'Early this year I was travelling in Iceland, scouting for locations for a new tour. I was prepared to see a lot of spectacular landscapes, people had even warned me that I would get hooked, but it still greatly exceeded my expectations. As a result I didn't cover a lot of distance each day - too much to see and photograph! And as a result of that, I stayed much longer than anticipated - which was not too bad by the way.

This was taken at sunrise. I had set my alarm clock very early to check out the weather, and it didn't look very promising - completely overcast. The weather in Iceland changes quickly though, so I decided to give it a try anyway. When I arrived at the beach the clouds already started to move away and the sky opened up a little. Enough for some light and color to come through. Moments like this can disappear quickly, so I had to move fast. I shot three exposures to capture all the brightness levels and later merged them in PS.'

From our new Iceland Winter Wilderness Tour

If you would like to join us on this year's Iceland Winter Wilderness tour, please check out our website for more information, images, a tour impression video clip and a detailed PDF. One of the tours is already sold out, but we have a few openings for the other one. If you're interested - don't wait too long!

05 January 2013

First Prize in NPN Awards

Just when we thought that 2012 has been such a successful year in terms of awards and recognition, the new year already starts with yet another award. :-) Marsel's photograph At The Gates has won First Prize in the Nature Photographers Network Awards. NPN is the internet's top-ranked nature photography site where nature photographers from around the world share their images. It's a real honour to have been chosen as a category winner amidst so many excellent photographers.

Double Arch, double exposure. Daniella did the posing and the light painting.

Here's the story that accompanied the shot when I first put it online:

'Of all the National Parks that I have ever visited in the US, Arches NP is without a doubt the most iconic one. Millions of photographs have been shot here, and to come up with something different is not easy. That does not mean one shouldn't try though, and I personally greatly enjoy thinking of new possibilities to photograph iconic subjects.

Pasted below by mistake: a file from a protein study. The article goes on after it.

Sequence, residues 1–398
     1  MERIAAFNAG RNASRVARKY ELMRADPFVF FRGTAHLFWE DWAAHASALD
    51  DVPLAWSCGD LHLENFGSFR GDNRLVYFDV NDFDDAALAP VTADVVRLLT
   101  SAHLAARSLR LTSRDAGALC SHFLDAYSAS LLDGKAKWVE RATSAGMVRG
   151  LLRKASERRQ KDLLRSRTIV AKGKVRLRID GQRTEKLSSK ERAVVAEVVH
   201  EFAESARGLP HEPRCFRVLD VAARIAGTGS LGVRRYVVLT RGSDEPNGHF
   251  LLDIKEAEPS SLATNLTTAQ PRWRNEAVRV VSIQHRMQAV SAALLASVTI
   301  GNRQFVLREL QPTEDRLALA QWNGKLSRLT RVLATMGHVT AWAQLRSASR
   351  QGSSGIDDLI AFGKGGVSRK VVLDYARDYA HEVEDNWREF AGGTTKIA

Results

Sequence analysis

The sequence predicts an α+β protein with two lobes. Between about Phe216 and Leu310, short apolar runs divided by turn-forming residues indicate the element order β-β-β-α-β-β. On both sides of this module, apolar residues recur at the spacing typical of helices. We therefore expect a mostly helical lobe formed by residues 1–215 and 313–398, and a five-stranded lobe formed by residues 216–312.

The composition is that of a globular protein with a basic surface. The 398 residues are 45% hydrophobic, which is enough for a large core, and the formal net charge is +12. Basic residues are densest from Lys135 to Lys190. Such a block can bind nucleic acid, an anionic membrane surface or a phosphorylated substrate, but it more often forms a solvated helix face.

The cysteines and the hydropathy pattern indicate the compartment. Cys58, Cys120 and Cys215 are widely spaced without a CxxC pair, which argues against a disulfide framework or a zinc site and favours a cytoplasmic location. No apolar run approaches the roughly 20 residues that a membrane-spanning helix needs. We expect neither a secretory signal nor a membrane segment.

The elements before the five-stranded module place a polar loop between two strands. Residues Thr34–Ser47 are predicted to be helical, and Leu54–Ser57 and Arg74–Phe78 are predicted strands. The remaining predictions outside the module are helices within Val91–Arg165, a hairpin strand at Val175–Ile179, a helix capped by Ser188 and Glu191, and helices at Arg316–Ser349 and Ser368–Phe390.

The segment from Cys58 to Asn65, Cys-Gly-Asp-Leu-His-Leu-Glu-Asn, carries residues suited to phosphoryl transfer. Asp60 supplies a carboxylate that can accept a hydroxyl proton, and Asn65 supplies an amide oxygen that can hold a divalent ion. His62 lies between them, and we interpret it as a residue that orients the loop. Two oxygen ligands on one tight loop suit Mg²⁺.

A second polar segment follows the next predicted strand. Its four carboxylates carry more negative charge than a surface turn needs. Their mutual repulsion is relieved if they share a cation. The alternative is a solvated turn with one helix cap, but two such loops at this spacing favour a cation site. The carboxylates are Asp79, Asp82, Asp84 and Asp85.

Double Arch is one of them. When you're standing below this imposing marvel of nature, it's hard to not be impressed by the size and the beauty of this amazing structure. From my research for my visit to Arches, I learned that 99.9% of all the images of this arch are more or less taken from the same viewpoint. I'm sure one of the reasons for this is that you need some distance to get the whole thing to fit inside your frame - standing inside the arch is not going to work. Unless of course you have a 14mm on a full frame camera. But even then it was tough to find a position where I could get all the openings and the lines at the right places - it only worked with a vertical composition. I was fine with that, because the vast majority of images taken of this arch are all horizontals.

I also decided to photograph the arch at night and to bring out the details and colors by using a flashlight. The advantage of doing this also meant that there would be stars, and stars are nice. I wanted to include part of the Milky Way, which meant that I had only a very short window of time to take the shot. These decisions were all very important in order to create something original, but the most important one for me was to include a human figure. It brings the shot to life and it acts as a vital scale element. The fact that most landscape photographers don't like humans in their pictures is always a nice bonus when you're trying to create something original.

This was shot three years ago as a double exposure - one for the sky with my lovely assistant, one for the light painting. We tried to shoot it again with our group on this year's Arches Under The Stars workshop, but the weather gods did not want to cooperate. They gave use snow the next day though, so that made up for that.'